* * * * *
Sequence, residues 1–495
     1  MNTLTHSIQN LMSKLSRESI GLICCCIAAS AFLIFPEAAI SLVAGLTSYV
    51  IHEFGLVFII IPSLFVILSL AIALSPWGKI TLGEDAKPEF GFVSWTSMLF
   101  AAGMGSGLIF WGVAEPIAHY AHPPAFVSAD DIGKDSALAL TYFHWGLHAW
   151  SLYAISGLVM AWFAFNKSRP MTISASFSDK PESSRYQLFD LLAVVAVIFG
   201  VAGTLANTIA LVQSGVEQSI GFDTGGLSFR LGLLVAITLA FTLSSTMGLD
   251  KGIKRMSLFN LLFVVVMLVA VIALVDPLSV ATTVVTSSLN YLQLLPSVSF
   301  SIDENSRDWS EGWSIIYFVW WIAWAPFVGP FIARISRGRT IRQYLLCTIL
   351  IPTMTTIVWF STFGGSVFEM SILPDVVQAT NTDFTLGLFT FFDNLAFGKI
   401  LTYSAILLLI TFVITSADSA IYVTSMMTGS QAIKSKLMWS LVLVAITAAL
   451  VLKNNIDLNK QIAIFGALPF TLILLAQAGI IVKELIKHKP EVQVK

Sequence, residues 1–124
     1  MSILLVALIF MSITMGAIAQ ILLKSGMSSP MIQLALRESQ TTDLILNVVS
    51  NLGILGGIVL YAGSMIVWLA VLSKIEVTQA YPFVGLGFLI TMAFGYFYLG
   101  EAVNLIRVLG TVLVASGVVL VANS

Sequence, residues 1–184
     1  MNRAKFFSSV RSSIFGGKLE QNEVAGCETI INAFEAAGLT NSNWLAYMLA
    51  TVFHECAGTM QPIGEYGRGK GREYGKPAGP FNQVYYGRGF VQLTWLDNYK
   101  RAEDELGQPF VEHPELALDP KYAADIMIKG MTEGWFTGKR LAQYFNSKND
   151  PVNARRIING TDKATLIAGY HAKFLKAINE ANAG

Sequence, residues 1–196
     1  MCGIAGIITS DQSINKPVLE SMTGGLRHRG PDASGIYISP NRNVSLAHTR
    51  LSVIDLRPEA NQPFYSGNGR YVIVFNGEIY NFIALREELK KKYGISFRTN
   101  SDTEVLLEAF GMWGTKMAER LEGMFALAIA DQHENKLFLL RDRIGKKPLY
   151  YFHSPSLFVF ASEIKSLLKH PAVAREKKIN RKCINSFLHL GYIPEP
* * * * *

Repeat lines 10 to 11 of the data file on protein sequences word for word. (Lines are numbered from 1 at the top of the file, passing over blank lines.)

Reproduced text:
   401  LTYSAILLLI TFVITSADSA IYVTSMMTGS QAIKSKLMWS LVLVAITAAL
   451  VLKNNIDLNK QIAIFGALPF TLILLAQAGI IVKELIKHKP EVQVK